Outspoken billionaire and founder of Pershing Square Capital Bill Ackman continued his crusade against universities for what he describes as their inability to address antisemitism. This time, Ackman was reacting to an open letter from several top law firms that criticized what they considered elite universities’ tepid response to antisemitism.
“It’s pathetic that we need to rely on law firms and corporations to police antisemitism on campus,” Ackman wrote on X, formerly Twitter.
Ackman has been a vocal critic of college campuses since the Oct. 7 terrorist attacks in Israel. He’s been especially upset with his alma mater, Harvard, after student groups published a letter blaming Israel for Hamas’ terrorist attacks, which he claims the university failed to promptly denounce. Amid the controversy, Ackman called for the names of the student groups and their members to be released so companies could avoid hiring them.
More than two dozen law firms, including some of the biggest names in Big Law like Cravath, Swaine & Moore and Wachtell, Lipton, Rosen & Katz, sent the letter to nearly 15 law schools. In the letter, the firms expressed concern about Jewish students being harassed and “rallies calling for the death of Jews and the elimination of the State of Israel.”
“Anti-Semitic activities would not be tolerated at any of our firms,” the letter stated. “We also would not tolerate outside groups engaging in acts of harassment and threats of violence, as has also been occurring on many of your campuses.”
The law firms that signed the letter said they wanted to ensure the law school students they hired wouldn’t have discriminatory views.
“We look to you to ensure your students who hope to join our firms after graduation are prepared to be an active part of workplace communities that have zero tolerance policies for any form of discrimination or harassment, much less the kind that has been taking place on some law school campuses,” the letter read.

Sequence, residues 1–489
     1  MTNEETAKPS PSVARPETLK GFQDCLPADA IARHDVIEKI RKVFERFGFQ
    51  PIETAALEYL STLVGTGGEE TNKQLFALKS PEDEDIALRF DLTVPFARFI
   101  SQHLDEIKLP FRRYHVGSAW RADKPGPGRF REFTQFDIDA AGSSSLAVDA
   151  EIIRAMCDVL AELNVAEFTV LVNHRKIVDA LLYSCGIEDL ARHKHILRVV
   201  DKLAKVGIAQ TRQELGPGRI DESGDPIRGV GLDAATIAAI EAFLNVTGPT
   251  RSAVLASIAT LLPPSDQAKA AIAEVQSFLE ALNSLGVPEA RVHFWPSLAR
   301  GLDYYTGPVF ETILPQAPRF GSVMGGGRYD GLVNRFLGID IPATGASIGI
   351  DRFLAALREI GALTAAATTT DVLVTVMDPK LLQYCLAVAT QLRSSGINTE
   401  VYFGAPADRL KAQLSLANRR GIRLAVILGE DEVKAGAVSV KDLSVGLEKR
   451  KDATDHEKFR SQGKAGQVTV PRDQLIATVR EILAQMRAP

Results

Responses from law schools have been mostly muted. Erwin Chemerinsky, dean of University of California, Berkeley law school, said he welcomed the letter but was unclear what concrete steps the firms were advocating for.
“I am unsure what the law firms are asking law schools to do, but it is certainly our role to protect the freedom of speech of all of our students, while also ensuring that there is a conducive learning environment and preparing students for the practice of law at the highest levels of the profession,” Chemerinsky told Reuters.
Ackman questioned whether the universities were taking these concerns seriously enough. “Every one of these universities, law schools and business schools have made massive recent investments in DEI initiatives, staff and faculty,” Ackman said on Twitter. “Where are they? What are they doing?”
In his post, Ackman said he had heard from students at Harvard that “DEI staff do not respond to or otherwise take serious complaints from Asian, White (non-LGBTQ) or Jewish students.”
The idea for the letter originated with Joseph Shenker, a senior chair at Sullivan & Cromwell, according to Bloomberg. Shenker then sent the letter to other law firms to sign on.
This isn’t the first time law schools have found themselves embroiled in criticism amid the ongoing conflict between Israel and Hamas. For example, the president of NYU Law School’s Student Bar Association sent a mass email bearing the group’s name that blamed Israel for the Oct. 7 attacks. “Israel bears full responsibility for this tremendous loss of life,” they wrote.
As a result of the backlash, the student bar association president had a job offer from law firm Winston & Strawn rescinded. The law firm Davis Polk & Wardwell also pulled job offers from at least three law students at Harvard and Columbia for making similar statements.